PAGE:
This year, humankind quietly passed a historic turning point: As of September, more than half of the world’s population—roughly 3.8 billion people—now live in middle-class households. That number is set to climb to five billion people by 2030.
As the middle-class grows, so too will its demand for energy—both in the form of fuel and in petrochemicals for everyday products derived from today’s primary energy sources. This reality has become a call-to-action for the oil and gas industry, which last month convened for the Abu Dhabi International Petroleum Exhibition and Conference (ADIPEC) to discuss this and other big challenges and opportunities facing the industry.
Abu Dhabi National Oil Company (ADNOC), the event’s host, has called on the industry to deliver a robust response to the 4th industrial age. The “Oil & Gas 4.0” mission is built on the recognition that the oil and gas industry will continue to play an expansive role in the energy required to drive the 4th industrial revolution and must embrace disruptive technologies in order to enable this massive step change in human development.
“Oil and gas has historically been at the forefront of technology, and it is undergoing another step change to ensure it is at the forefront again,” said Daniel Yergin, vice chairman of IHS Markit. “Across the size spectrum, the industry is capturing opportunities from greater computing power, data storage and the cloud, to sensors, business intelligence tools and analytics. ADNOC is at the forefront of Oil & Gas 4.0 as it proactively embraces and pushes the digital transformation of the industry,” he added.
Here are a few ways that the energy industry is using people, technology, and partnerships to make Oil & Gas 4.0 a reality.
Embracing new technologies
As the business world goes digital, the oil and gas industry is also embracing emerging technologies to become smarter, more efficient, and to maximize value from every barrel of oil.
The industry is particularly excited about artificial intelligence, which promises to transform all parts of the hydrocarbon value chain, from exploration to refinery maintenance. Blockchain is similarly enticing. While best-known for its use in cryptocurrency, blockchain unlocks new ways for oil companies to, for example, track shipments and draw up “smart contracts” that only take effect when pre-determined conditions are met.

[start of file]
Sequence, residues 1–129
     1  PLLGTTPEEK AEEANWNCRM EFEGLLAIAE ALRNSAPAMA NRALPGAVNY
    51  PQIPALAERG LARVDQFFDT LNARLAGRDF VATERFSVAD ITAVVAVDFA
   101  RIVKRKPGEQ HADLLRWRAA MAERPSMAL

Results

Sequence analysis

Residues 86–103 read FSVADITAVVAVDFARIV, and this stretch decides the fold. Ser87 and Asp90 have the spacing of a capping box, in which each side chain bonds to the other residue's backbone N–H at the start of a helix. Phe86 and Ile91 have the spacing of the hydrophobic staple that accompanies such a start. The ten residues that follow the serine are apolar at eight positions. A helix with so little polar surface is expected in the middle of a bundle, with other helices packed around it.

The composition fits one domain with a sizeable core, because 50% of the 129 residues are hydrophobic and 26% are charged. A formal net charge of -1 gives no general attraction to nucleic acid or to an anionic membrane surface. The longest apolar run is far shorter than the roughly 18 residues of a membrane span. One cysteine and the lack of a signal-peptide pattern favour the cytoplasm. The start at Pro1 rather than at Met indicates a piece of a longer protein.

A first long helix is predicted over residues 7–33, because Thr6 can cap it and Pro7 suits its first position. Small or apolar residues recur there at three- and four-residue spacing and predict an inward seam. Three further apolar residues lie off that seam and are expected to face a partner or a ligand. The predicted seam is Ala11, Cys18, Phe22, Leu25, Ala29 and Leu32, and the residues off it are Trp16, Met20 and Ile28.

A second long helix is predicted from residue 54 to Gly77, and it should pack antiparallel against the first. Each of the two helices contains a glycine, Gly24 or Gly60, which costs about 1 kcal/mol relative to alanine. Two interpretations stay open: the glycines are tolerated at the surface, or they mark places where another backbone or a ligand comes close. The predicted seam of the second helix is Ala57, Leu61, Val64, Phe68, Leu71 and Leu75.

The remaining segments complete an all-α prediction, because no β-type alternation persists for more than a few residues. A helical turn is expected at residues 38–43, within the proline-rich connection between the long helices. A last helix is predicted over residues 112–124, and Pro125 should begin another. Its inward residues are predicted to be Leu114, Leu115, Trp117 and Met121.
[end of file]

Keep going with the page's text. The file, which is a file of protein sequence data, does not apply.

“The big U.S. West Coast tech major companies are engaged in a way that they never have been before owing to Oil & Gas 4.0 and the massive opportunities with artificial intelligence, machine learning, and big data,” Yergin said.
And then there are the industry’s cutting-edge extraction techniques, which promise to help companies both extract oil and gas from harder-to-reach places and get more fuel from existing sites. For example, using seismic waves, geophysicists can scan features deep underneath the earth’s surface, letting them create intricate 3D models of potential energy sites.
“We believe that the 4th industrial age will see capability move from ‘scale economies’ to ‘insight economies’ as the ability to forecast, anticipate, and prepare for change becomes automatic and routine,” said Luq Niazi, global managing director of chemicals and petroleum industries at IBM. “Leaders in oil and gas will benefit from smarter devices, machines, and processes. Ultimately, the companies that have become enlightened by the great strides made in technology innovation will create capabilities to generate more energy more efficiently to serve the needs of the growing population and middle classes.”
Attracting young, digital talent
The oil and gas workforce is aging: As of 2016, the average age of offshore workers was 42.7, an increase from 40.7 in 2014. At the same time, the integration of digital technology into more parts of the production process means that energy companies will need more workers with digital skill sets. To solve both of these challenges, the oil and gas industry realizes it needs to make an active effort to recruit and retain young talent.
Technology and education are key here. To get young people excited to work in the energy industry, companies need to update their processes to be more agile, collaborative, and tech-focused. “We need to transform at scale within the business cycle and it must become part of the fabric of our companies, our ecosystems and the way we shape and engage with the education system,” Niazi said. “The consumer side of technology has changed so fast that firms struggle to keep up.”